Tomorrow is World Orangutan Day, and as the world prepares to celebrate the iconic great ape on its own important day, The Great Projects have taken the time to put together a list of our top three orangutan rehabilitation stories. Read on to rediscover the incredible conservation efforts that have played a part in protecting the orangutans, and make sure to return to our website tomorrow for a very special announcement…
Josh, The Orphaned Baby Orangutan
When it comes to orangutan rescue stories, there are few that will tug on your heartstrings as much as Josh’s. This little orangutan had an incredibly difficult start to his life, seemingly as a result of the coal mining industry.
Found clinging onto the body of his recently-deceased mother, Josh was only 4 months old when discovered at the mining site by a local civilian. But rather than doing the right thing and handing the infant orangutan over, the civilian decided to keep Josh as a pet.
Tragically, Josh would soon be cast to one side, his ‘owner’ weary of caring for such a needy young ape. Josh was then abandoned at a local picnic area, leaving his alone and incredibly vulnerable to predators. The only way that Josh had managed to survive was through being fed scraps by passers-by.
Days passed before Josh was spotted by another member of the public: this time, the concerned individual called the Borneo Orangutan Survival Foundation, informing them of Josh’s whereabouts and becoming instrumental in his rescue.
Thankfully, Josh’s luck has changed over the years, and this sweet little ape is considered a well-loved part of the Samboja Lestari family. You can read past articles about Josh, including this latest update from July 2017!
Amazing Amy, And Her Escape To A Better Life
Unfortunately, Josh is not the only orangutan to have had a difficult start to life. Another great ape, Amy, had to be rescued from some of the harshest conditions imaginable.
Just a short while ago, Amy was subject to a devastatingly lonely existence. Bound by chains and kept in the dark, tight confines of a wooden crate, Amy’s situation could not have been more different to the life she should have been living. Instead of spending her days climbing trees and enjoying the freedoms of the rainforest, Amy was imprisoned. She knew nothing more than the hard walls of her wooden prison, a heavy chain around her neck restricting even the slightest of movements.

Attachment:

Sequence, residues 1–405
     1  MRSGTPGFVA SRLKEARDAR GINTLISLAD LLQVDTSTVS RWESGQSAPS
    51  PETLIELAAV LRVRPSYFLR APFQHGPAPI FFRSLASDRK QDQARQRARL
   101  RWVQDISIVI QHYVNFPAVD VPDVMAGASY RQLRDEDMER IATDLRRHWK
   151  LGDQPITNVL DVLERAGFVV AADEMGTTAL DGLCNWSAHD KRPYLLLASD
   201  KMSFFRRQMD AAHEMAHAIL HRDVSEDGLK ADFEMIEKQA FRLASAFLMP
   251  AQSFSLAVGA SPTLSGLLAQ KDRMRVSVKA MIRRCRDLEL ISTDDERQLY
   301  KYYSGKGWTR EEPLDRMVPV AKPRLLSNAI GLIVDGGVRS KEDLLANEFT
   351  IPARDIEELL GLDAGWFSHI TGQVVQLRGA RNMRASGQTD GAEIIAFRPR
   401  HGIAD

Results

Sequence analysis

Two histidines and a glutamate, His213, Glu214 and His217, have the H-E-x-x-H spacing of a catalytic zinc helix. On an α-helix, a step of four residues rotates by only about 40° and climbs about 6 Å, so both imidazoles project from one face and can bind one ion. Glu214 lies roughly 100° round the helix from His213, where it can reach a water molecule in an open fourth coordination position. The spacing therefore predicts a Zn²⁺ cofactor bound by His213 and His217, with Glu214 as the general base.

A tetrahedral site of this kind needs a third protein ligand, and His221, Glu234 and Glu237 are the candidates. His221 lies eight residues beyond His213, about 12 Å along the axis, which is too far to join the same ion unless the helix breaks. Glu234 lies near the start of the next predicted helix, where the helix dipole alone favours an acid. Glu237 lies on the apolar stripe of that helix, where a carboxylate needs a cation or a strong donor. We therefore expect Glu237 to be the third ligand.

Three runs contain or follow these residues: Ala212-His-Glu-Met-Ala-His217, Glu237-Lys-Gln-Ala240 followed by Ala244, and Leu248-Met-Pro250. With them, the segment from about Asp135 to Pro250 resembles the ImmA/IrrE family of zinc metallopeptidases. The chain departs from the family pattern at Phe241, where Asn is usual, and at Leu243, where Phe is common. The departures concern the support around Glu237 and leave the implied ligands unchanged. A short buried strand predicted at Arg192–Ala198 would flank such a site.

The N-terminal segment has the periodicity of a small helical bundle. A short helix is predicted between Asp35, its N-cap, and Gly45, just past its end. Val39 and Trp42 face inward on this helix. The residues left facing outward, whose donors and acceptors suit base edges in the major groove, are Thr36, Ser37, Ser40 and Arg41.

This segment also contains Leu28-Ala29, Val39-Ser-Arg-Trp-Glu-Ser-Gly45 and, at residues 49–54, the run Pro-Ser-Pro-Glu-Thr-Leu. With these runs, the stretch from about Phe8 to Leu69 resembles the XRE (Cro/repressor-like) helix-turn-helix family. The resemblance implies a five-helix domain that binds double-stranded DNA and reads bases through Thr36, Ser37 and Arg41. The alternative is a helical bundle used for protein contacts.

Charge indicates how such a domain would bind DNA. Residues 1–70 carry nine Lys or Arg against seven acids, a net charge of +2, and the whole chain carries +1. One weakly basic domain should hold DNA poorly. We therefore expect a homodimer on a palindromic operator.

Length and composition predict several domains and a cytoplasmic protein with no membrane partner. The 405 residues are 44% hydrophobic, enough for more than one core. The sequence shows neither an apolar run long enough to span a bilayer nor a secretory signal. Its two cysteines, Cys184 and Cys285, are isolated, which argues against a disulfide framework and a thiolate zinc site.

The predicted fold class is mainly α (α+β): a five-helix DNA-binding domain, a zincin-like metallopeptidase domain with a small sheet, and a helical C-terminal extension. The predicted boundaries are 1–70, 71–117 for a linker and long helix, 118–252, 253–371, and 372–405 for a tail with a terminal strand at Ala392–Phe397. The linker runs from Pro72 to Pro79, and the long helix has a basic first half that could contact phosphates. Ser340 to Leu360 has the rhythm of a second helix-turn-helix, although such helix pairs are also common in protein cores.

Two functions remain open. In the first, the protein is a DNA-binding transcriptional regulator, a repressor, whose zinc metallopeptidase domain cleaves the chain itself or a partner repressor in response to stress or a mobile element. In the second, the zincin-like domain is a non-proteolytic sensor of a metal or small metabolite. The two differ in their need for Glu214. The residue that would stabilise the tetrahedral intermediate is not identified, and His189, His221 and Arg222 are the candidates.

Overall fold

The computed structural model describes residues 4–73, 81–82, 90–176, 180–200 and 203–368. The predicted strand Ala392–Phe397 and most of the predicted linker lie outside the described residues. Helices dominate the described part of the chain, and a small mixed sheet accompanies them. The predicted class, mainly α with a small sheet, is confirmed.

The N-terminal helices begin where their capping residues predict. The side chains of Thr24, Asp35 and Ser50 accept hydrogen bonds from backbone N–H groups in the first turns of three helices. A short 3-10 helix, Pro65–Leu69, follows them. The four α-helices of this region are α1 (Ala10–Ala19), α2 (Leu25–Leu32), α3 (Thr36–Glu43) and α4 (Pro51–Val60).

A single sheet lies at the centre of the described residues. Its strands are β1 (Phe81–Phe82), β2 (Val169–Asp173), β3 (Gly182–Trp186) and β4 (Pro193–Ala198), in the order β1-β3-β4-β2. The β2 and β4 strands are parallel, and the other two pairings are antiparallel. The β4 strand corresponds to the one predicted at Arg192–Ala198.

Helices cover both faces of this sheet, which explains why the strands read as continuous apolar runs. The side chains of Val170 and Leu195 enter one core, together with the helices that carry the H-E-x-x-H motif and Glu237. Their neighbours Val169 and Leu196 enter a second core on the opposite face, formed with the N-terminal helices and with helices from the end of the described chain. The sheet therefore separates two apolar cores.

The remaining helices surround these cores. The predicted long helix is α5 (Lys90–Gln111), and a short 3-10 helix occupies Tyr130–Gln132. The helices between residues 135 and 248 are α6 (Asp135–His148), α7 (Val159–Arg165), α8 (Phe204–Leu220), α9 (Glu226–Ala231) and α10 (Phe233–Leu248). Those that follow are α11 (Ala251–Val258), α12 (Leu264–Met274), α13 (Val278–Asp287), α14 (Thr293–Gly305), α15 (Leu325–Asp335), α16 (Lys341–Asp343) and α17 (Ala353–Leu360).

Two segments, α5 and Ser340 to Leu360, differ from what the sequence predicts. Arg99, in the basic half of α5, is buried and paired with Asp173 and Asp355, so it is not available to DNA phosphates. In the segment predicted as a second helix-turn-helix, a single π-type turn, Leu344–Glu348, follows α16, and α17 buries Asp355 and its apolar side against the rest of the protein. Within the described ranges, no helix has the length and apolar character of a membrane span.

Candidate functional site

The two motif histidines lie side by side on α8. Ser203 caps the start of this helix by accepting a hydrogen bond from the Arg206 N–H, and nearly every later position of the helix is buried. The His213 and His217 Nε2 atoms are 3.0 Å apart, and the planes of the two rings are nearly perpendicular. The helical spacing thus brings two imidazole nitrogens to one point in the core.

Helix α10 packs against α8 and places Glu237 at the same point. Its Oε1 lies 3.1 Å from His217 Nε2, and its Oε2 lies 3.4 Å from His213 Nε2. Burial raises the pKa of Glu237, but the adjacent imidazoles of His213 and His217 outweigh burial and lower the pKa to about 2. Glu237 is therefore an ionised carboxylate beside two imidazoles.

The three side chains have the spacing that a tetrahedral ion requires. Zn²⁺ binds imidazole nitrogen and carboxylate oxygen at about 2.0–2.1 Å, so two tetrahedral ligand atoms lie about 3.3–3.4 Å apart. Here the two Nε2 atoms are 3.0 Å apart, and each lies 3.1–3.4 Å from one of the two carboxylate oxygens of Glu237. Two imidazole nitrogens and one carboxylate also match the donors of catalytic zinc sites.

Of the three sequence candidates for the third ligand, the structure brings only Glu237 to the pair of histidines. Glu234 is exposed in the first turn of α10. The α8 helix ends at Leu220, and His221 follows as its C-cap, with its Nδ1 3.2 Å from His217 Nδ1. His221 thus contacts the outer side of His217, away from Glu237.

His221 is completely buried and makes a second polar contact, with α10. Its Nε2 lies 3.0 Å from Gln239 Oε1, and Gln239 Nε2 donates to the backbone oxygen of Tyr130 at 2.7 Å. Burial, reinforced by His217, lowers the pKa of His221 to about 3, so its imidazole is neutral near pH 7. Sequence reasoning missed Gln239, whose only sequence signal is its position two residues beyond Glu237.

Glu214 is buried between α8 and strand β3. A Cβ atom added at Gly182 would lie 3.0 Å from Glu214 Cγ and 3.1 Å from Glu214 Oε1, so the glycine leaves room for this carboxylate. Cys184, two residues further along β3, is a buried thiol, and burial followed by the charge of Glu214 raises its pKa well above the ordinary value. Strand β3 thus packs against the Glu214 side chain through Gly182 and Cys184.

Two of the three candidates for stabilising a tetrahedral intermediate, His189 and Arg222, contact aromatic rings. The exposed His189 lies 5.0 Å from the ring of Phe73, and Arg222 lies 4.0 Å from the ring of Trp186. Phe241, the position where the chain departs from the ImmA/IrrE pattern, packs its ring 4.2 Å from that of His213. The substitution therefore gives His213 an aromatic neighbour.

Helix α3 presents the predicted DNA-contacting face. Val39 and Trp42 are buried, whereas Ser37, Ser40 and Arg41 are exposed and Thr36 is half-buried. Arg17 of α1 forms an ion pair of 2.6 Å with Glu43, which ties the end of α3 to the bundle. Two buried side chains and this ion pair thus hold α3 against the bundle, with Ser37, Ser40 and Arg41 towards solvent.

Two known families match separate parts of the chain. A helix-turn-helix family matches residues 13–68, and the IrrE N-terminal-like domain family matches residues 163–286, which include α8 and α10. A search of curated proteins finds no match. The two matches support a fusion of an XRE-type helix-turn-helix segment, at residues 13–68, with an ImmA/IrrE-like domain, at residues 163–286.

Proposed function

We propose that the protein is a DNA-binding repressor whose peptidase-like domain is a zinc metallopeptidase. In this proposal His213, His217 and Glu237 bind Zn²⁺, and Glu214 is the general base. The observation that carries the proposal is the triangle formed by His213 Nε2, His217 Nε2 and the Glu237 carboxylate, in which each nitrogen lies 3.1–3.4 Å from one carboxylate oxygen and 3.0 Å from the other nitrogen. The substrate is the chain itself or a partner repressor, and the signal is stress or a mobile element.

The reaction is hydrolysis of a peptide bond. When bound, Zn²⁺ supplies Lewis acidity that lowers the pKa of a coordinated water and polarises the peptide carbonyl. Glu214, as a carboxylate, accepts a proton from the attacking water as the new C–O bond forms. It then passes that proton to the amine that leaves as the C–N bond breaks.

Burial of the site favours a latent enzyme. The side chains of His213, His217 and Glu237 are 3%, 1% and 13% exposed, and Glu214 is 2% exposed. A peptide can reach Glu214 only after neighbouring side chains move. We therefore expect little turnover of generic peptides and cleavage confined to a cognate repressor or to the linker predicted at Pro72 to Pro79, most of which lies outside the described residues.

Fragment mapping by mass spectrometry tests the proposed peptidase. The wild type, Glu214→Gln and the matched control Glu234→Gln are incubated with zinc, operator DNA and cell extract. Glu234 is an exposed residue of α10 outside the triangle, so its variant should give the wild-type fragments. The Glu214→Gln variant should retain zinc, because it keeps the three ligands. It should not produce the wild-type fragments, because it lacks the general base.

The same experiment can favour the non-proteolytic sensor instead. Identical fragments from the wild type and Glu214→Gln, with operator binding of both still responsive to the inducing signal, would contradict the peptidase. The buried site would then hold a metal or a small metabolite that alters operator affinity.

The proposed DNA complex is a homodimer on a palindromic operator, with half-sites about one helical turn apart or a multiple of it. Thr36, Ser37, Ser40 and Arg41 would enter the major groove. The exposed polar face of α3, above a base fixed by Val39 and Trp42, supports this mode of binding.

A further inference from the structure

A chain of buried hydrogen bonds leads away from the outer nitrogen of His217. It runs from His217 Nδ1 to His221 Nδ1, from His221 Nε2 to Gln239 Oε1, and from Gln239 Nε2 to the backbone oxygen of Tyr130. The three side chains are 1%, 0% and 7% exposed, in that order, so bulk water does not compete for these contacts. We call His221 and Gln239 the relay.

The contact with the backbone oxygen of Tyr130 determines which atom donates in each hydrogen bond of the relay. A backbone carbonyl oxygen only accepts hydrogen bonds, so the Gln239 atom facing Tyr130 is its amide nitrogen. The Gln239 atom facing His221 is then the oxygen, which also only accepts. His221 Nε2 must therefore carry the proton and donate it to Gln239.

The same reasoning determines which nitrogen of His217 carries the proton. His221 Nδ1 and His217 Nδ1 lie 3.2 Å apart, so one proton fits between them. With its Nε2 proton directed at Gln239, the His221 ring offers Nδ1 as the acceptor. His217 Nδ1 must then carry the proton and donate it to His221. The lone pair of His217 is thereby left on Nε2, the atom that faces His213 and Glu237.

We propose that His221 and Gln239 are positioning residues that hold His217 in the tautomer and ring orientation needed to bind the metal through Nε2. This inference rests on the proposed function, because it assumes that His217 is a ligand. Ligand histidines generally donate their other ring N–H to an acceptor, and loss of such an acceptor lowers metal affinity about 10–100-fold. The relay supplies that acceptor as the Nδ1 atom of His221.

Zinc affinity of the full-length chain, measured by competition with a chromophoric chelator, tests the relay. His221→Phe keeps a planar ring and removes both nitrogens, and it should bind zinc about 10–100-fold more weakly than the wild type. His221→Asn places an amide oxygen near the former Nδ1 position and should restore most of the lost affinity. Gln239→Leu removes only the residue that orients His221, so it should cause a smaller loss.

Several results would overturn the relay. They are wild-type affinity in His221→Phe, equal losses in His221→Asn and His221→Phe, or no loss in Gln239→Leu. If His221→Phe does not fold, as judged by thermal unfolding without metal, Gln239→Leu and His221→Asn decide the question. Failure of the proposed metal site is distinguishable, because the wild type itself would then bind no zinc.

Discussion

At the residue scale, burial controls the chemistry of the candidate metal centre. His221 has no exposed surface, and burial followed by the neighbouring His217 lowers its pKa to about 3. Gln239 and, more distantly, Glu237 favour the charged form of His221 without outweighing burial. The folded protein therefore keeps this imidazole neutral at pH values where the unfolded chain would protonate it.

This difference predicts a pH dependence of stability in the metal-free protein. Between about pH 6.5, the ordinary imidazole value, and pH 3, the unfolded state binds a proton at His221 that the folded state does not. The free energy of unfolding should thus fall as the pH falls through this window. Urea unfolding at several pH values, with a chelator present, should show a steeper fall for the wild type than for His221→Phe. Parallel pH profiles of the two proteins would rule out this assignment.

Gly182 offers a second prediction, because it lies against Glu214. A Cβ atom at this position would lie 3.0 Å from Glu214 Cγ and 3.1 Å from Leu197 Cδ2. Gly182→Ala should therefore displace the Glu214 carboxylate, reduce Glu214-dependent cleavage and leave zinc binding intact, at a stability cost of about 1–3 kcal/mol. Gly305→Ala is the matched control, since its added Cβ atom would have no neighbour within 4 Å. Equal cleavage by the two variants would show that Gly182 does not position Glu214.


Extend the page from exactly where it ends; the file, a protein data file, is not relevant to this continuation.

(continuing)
It is unknown exactly how long Amy had spent living in such awful conditions, but health checks suggest that she may have been kept captive since infancy; a total of seven years. Her ‘owner’ insisted that she had only been in the box for around a month, but the detriment to her bones appears to tell a different story: unable to straighten her legs and with a badly bent spine, Amy is highly likely to have lived in the box her entire life.
Upon her rescue, Amy was devastatingly depressed, but still seemed to harbour a glimmer of optimism. As the doors to the crate were opened, Amy reached forward from her slumped position in the corner of the box, her eyes averted but still offering her hand to the stranger that had arrived to save her.
It may take some time to determine if Amy will ever be able to live back in the wild, but until then, read about the incredible hard work done by the time at the IAR Orangutan Project, and see how this brave ape is adjusting to a better life at the sanctuary.
The Long-Awaited Release Of Romeo
Finally, we turn our attention to Romeo, one of the long-time residents of Samboja Lestari. After 24 years in rehabilitation, this big, beautiful orangutan has finally begun his journey to freedom!
Arriving at the sanctuary back in 1993, Romeo has had one of the most arduous struggles of all. Rescued from a zoo in Taiwan at 6 years old, Romeo had already undergone years of stress and misery before finding solace at Samboja. Although he had been rescued, however, there were still difficulties ahead: since Romeo had hepatitis B, he was deemed unfit for release.
Things started to look up for Romeo a few years back, when scientists discovered that his strain of hepatitis B had actually come from orangutans, meaning his release would then be permitted. Unfortunately, though, Romeo’s plight did not end there: he still had to wait until there was room on the release island.
Since 2012, the team at Samboja have worked hard to rehabilitate and release as many orangutans as possible. It’s around this point that Romeo’s luck began to change: he would soon be moving onto the island, alongside some lovely female friends!
Want to work with orangutans? Head to our animal page to find out how – don’t forget to read our blog to find out which orangutan project is right for you, too! Remember: you’ll definitely want to check back on our website tomorrow (19th August), as we have an announcement that you won’t want to miss…so stay tuned!
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